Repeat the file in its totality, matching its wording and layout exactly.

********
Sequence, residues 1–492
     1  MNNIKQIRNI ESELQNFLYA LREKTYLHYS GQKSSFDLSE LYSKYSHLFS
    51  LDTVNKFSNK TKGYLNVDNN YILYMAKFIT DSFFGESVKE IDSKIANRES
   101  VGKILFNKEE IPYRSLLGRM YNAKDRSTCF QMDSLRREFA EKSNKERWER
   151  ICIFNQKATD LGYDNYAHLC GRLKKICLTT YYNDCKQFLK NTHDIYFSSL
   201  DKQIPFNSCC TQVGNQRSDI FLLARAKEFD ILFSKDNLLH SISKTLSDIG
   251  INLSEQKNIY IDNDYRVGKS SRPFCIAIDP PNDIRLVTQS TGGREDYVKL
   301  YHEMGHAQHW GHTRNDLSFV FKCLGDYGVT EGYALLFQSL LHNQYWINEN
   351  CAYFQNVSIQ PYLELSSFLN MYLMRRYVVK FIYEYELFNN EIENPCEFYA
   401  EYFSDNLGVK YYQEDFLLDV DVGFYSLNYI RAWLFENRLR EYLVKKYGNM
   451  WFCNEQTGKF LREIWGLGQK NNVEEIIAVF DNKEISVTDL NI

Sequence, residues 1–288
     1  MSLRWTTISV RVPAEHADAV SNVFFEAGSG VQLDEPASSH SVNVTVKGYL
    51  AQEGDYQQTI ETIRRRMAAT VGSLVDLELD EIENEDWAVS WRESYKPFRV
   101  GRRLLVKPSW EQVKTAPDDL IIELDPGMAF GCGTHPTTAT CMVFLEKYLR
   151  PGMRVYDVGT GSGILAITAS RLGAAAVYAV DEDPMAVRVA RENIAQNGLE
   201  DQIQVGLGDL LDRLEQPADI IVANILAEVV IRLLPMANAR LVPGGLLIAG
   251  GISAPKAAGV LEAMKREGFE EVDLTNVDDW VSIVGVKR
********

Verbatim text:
Sequence, residues 1–492
     1  MNNIKQIRNI ESELQNFLYA LREKTYLHYS GQKSSFDLSE LYSKYSHLFS
    51  LDTVNKFSNK TKGYLNVDNN YILYMAKFIT DSFFGESVKE IDSKIANRES
   101  VGKILFNKEE IPYRSLLGRM YNAKDRSTCF QMDSLRREFA EKSNKERWER
   151  ICIFNQKATD LGYDNYAHLC GRLKKICLTT YYNDCKQFLK NTHDIYFSSL
   201  DKQIPFNSCC TQVGNQRSDI FLLARAKEFD ILFSKDNLLH SISKTLSDIG
   251  INLSEQKNIY IDNDYRVGKS SRPFCIAIDP PNDIRLVTQS TGGREDYVKL
   301  YHEMGHAQHW GHTRNDLSFV FKCLGDYGVT EGYALLFQSL LHNQYWINEN
   351  CAYFQNVSIQ PYLELSSFLN MYLMRRYVVK FIYEYELFNN EIENPCEFYA
   401  EYFSDNLGVK YYQEDFLLDV DVGFYSLNYI RAWLFENRLR EYLVKKYGNM
   451  WFCNEQTGKF LREIWGLGQK NNVEEIIAVF DNKEISVTDL NI

Sequence, residues 1–288
     1  MSLRWTTISV RVPAEHADAV SNVFFEAGSG VQLDEPASSH SVNVTVKGYL
    51  AQEGDYQQTI ETIRRRMAAT VGSLVDLELD EIENEDWAVS WRESYKPFRV
   101  GRRLLVKPSW EQVKTAPDDL IIELDPGMAF GCGTHPTTAT CMVFLEKYLR
   151  PGMRVYDVGT GSGILAITAS RLGAAAVYAV DEDPMAVRVA RENIAQNGLE
   201  DQIQVGLGDL LDRLEQPADI IVANILAEVV IRLLPMANAR LVPGGLLIAG
   251  GISAPKAAGV LEAMKREGFE EVDLTNVDDW VSIVGVKR